Attention deficit/Hyperactivity disorder AD/HD

ADHD

Attention deficit/Hyperactivity disorder, as the name suggests is a behavioral disorder characterized by developmentally elated levels of inattentionimpulsivity and hyperactivity.

Research suggests that this disorder is prevalent in 3% to 7% of school age population and 2% to 7% of adult population. It is more frequent in males than females with a ratio of 2:1 in children and 6:1 in adults.

Diagnostic features :

DSM-V specifies that if an individual exhibit any 6 or more of the under stated symptoms(A) and meets the criteria from B-E for atleast 6 months to a degree that is inconsistent with his developmental level and that has negative impact on his social and academic/occupational activities then he can be diagnosed for ADHD :

(A) (1) Inattention Symptoms :

  • Failure to pay attention
  • Difficulty in sustaining attention
  • Not listening
  • Not following through on instructions
  • Often losing things
  • Avoiding tasks that require sustained mental effort
  • Poor organizational skills
  • Being easily distracted
  • Being forgetful

(2) Hyperactivity/Impulsivity Symptoms :

  • Fidgeting
  • Inability to sit when expected
  • Behaving or feeling restless
  • Being compelled to stay active
  • Inability to play or engage in leisure activities quietly
  • Excessive Talking
  • Blurting out answers
  • Difficulty in waiting for his turn
  • Intruding others

(B) Several symptoms were present prior to age 12 years.

(C) Several symptoms are present in 2 or more social or academic/occupational settings.

(D) There is an evident negative impact on the social, academic or occupational functioning.

(E) The symptoms are not better explained by any other medical condition.

Depending on the cluster of symptoms 3 subtypes of ADHD are known :

  • Combined presentation – both inattention and hyperactivity/impulsivity symptoms are present.
  • Predominantly inattentive presentation.
  • Pre-dominantly Hyperactive/Impulsive presentation.

Diagnostic Tools :

  • DSM-V AD/HD rating scales
  • Broadband rating e.g. Child behavior checklist
  • Structured and semi structured interviews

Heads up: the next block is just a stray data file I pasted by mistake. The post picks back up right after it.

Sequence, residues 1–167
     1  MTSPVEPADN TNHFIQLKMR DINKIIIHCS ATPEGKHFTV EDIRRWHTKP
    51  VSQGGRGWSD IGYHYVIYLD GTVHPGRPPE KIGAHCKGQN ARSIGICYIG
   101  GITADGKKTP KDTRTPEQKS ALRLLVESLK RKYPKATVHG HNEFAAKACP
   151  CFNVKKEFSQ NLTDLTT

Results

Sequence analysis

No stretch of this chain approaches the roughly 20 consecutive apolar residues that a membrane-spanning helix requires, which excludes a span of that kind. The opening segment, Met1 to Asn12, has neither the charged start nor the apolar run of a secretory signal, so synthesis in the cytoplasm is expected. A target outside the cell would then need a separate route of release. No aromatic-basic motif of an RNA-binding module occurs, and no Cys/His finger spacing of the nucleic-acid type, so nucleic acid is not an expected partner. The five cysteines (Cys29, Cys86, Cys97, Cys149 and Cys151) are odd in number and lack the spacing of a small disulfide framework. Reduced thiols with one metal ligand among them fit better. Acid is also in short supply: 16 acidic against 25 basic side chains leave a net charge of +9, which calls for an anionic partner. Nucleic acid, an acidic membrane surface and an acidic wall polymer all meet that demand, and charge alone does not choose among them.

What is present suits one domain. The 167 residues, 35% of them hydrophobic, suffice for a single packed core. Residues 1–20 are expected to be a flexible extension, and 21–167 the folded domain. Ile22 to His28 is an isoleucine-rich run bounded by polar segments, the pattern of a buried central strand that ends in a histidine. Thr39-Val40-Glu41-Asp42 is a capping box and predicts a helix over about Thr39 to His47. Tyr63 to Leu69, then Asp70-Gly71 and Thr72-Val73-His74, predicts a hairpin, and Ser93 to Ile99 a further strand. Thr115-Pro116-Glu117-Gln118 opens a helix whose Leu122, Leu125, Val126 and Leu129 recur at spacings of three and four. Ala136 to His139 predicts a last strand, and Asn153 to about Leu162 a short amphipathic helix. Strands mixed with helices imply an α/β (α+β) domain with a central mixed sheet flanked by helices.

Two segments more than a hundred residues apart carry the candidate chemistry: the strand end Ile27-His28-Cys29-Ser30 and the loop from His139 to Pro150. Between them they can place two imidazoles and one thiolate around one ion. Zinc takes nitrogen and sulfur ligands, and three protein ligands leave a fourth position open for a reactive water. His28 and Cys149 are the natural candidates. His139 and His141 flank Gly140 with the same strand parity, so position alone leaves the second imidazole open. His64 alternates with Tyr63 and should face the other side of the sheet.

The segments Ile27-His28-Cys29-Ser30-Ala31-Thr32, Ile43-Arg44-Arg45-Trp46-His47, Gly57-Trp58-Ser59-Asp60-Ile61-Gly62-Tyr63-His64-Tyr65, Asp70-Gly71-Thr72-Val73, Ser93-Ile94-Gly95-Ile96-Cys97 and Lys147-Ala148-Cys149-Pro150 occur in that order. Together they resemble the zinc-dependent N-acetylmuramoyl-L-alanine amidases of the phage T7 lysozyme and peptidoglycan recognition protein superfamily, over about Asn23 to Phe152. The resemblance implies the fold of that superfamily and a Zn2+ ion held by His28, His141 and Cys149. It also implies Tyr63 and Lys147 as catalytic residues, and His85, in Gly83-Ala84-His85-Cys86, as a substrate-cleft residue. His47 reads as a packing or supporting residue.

• Impairment rating scales : e.g. Children’s global assessment of functioning
  • Observation of behavior

Functional consequences of ADHD: ADHD is often diagnosed at the early school years and is relatively stable during adolescence, but in some cases it is known to worsen over the adult years. It is associated with poor academic or occupational performance. Children with ADHD are more prone to conduct disorder and anti social personality disorder in adulthood. Negative effect on relationship with parents and peers can affect the esteem levels, and increases the risk of suicide in some cases in adulthood.

Treatment : 

Following are some treatment known to help

(1) Stimulant medications

(2) Positive regard from parents/school,  Appraisal for positive behavior

(3) Being punished with caution

  • Response cost : On every unwanted behavior a privilege that the child likes (a toy or game) should be taken away.
  • Time out : The cause duration and place of time out should be chosen with care

(4) Another technique is token economy. A list of behaviors is made and for every positive behavior exhibited a token is given and for every negative behavior a token is taken back. After sometime the child can exchange the tokens for a gift of his choice.

          Vidhi Pipara Adolescent Psychologist – Guidance on personal or psychological problems in Ahmedabad,Gujarat and India.

Comments are closed.